kiss me. say it.

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[Written By: Niki Radman]

[Illustration: Perry Stewart]

It is a truth universally acknowledged that every self-respecting film nerd on the face of this earth must have seen Blade Runner at some point or another. Although less than successful during its initial release, the film has developed a cult following that few others can claim. It has been praised for stunning visuals, thought-provoking themes and an eerily beautiful score by Vangelis. I will not try to counter any of these claims and I don’t aim to push the masterpiece off its pedestal. I won’t try to argue that ‘Blade Runner 2049’ is poor either. When I saw both movies at a double-feature over the holidays, the experience was very enjoyable. Upon further reflection, I realised something wasn’t quite right. My stomach started churning and eventually I identified the feeling which was tormenting me as anger. Something about these movies had made me profoundly angry. Initially I was too emotional to form my thoughts into a coherent argument however, distance and time have made it easier to untangle the threads and lay out before you now exactly what I believe went wrong.

‘Blade Runner’, 1982. Rick Deckard has a crush on doe-eyed replicant Rachael. She is currently at his apartment, vulnerable and confused, having just found out that she is not human and that all of her memories up to this point are not her own. She plays a melancholy tune on the piano. Deckard approaches, he kisses her neck. She stands up abruptly and wants to leave. Now, no matter what Rachael’s motivation for not pursuing the intimacy might be, it all comes down to a simple fact: Rachael is not in the mood for sexy-time. Alright. So far, so unambiguous. Nevertheless, Deckard decides to block her way to the door. He slams it shut with an angry fist and pushes Rachael against the window. Some might argue that this is a man overcome by passion. Personally, I think this is a violent asshole with no sense for boundaries. I also think that much of the purported ambiguity, which is sometimes attributed to the scene, can be removed simply by looking at Deckard’s facial expression. It is lined with anger and the pain of rejection rather than uncontrollable lust. And then he forces Rachael to kiss him. She seems insecure and reluctant as he orders her to say: “I want you”. Of course, we don’t see what happens next but it is safe to assume the two have sex. In the context of the movie, their on-screen interaction may not be labelled as assault – something which is is clear from the tender and erotic soundtrack – but surely, I am not completely alone in arguing Deckard’s violent advances are at best disturbing and at worst completely revolting.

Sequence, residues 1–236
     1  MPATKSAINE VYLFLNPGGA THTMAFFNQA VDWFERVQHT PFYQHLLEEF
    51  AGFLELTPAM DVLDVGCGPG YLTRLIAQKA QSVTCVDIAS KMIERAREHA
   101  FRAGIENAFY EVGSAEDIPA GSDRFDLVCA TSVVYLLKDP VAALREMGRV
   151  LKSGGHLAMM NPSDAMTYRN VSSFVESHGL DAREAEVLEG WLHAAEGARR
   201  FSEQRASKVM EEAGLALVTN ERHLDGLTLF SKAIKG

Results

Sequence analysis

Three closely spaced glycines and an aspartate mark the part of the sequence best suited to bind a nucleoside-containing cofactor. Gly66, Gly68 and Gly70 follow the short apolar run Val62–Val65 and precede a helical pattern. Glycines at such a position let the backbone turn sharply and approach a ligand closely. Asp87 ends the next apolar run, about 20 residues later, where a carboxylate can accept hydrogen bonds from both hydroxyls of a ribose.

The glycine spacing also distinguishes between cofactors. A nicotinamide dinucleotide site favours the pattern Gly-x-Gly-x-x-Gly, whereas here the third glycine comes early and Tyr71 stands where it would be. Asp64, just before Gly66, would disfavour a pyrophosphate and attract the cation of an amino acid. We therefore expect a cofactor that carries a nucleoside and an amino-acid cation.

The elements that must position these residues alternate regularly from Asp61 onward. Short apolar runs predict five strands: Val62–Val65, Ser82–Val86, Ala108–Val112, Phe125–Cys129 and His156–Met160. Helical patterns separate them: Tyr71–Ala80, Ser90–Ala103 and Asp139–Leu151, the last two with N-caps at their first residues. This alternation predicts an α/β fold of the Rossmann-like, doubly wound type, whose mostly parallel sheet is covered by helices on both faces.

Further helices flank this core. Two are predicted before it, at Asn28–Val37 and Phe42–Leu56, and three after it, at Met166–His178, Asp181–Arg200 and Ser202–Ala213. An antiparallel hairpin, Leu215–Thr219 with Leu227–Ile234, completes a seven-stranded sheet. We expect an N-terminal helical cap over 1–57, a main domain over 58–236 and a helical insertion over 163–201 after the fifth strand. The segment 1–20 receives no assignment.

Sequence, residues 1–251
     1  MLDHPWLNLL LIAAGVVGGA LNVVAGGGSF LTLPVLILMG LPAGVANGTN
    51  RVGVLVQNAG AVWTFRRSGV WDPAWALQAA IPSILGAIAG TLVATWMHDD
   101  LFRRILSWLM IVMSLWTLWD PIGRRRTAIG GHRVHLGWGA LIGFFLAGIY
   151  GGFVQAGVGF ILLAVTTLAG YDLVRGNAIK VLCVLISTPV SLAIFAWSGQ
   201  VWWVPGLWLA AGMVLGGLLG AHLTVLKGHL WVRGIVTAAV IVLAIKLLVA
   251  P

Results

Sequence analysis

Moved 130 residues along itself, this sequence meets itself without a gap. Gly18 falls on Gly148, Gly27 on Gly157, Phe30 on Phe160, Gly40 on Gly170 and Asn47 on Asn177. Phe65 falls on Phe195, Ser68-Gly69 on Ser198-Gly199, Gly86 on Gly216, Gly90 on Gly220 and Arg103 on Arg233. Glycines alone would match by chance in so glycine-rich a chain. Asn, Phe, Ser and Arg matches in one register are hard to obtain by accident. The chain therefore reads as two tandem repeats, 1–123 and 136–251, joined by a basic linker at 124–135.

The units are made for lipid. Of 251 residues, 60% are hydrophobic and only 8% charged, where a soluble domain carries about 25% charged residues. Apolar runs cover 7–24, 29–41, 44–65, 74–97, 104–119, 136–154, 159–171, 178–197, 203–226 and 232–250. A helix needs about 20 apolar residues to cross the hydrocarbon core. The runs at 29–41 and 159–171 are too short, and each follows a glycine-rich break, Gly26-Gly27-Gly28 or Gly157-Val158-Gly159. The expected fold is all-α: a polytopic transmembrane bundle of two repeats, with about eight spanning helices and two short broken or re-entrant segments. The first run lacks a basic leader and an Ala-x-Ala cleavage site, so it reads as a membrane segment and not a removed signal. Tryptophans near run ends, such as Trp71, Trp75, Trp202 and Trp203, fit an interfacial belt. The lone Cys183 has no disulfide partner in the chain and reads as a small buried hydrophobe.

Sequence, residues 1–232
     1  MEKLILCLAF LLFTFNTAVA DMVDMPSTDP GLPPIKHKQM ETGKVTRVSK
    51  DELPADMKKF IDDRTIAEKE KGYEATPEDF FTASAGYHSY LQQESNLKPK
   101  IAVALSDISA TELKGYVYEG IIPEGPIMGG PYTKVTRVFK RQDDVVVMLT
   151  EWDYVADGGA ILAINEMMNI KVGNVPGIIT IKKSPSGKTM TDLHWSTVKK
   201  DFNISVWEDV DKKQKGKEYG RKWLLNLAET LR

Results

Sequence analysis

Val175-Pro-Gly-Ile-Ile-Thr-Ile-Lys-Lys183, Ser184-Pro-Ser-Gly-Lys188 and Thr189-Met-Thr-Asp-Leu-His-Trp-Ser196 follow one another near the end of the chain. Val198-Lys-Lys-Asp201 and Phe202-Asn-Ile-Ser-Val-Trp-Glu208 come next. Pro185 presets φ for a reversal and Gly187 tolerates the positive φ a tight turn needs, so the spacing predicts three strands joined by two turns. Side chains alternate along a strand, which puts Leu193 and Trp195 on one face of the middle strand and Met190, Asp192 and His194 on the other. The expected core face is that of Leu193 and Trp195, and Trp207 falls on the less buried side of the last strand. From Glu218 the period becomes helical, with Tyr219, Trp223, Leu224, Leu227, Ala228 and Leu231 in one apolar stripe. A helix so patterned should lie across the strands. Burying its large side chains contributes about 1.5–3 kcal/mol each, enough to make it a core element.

Years later, the sequel uses this very moment of sexual coercion as the basis and starting point for a romance, which forms the very core of the plot. K, the new protagonist, spends most of the movie unravelling threads that eventually lead to Deckard and the child he had with (the now deceased) Rachael. Deckard’s mourning over his lost love is supposed to be an affecting plot point but I cannot ignore the sour aftertaste. What does the original movie provide, which warrants the notion of romance? Deckard forces Rachael into intimacy and at the end of the movie the two run off together. That’s all we’re getting. And from this sparse and problematic material we are supposed to infer a love story so substantial it can comfortably be placed at the centre of the sequel. No. Just no. Sexual assault is not cute. Forcing yourself onto a vulnerable and reluctant individual because you arrogantly assume they want you and just can’t show it… not cute. It is not romantic, it is not sweet. The sequel to ‘Blade Runner’ might be a beautiful film in many respects but it commits a grave mistake in retroactively inventing a loving relationship between Deckard and Rachael and casually brushing over the fact that this “great romance” essentially started with rape.


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